Post by Grumble » Mon Jan 10, 2022 3:31 pm

bjn wrote:
Mon Jan 10, 2022 3:17 pm
Grumble wrote:
Mon Jan 10, 2022 1:07 pm
lpm wrote:
Mon Jan 10, 2022 12:05 pm
I think people in general have very little idea how much energy it takes to shift 1.5 tons of car around. And very little idea on the amount of energy stored in a litre of petrol.

EVs battery packs are huge, for half the amount of energy in a tank of petrol.

This combines to make the general public pretty confused about what an EV needs and how to handle recharging.
If an EV battery contained half the amount of energy in a tank of petrol it would be able to go 800 miles.
Are you accounting for 70%+ of the petrol's energy being wasted as heat?
That was the idea. I believe EV’s tend to get the equivalent of, very roughly, 120-150 mpg.
A bit churlish

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Re: The Age of Electric Vehicles

Post by lpm » Mon Jan 10, 2022 4:24 pm

EV database, for my one, says 150 mpg equivalent for its real world range. The car's good to average for efficiency so 150 mpg is a reasonable guess for a typical EV.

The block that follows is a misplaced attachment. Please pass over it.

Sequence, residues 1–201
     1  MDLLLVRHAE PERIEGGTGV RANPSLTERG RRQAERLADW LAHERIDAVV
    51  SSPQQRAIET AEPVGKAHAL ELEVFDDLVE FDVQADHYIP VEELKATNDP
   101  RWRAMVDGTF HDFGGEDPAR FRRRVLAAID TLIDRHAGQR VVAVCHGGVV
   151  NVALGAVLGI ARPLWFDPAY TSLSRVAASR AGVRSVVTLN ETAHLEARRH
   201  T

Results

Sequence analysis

Or for its official range 163 mpg "Rated Fuel Equivalent" or 185 mpg "Vehicle Fuel Equivalent". No idea what that means.

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Re: The Age of Electric Vehicles

Post by sTeamTraen » Mon Jan 10, 2022 4:45 pm

dyqik wrote:
Sun Jan 09, 2022 8:42 pm
It's cold enough here that people install remote starters to cars so that they can let the ICE warm the car up for 20 minutes before they leave the house.
I bought a used car with that add-on in Germany once (Nissan Maxima 3.0 V6, very nice for cruising and at a tiny price because nobody wants a 3-year-old V6). I had a garage but it was very useful if you parked the car outside for the length of a cold working day.

One memorable thing about it was the range of the remote control, which worked up to something like 500 metres. When I pressed the button before leaving the office I used to look around to see if anyone's hair was on end or their computer had rebooted.
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Re: The Age of Electric Vehicles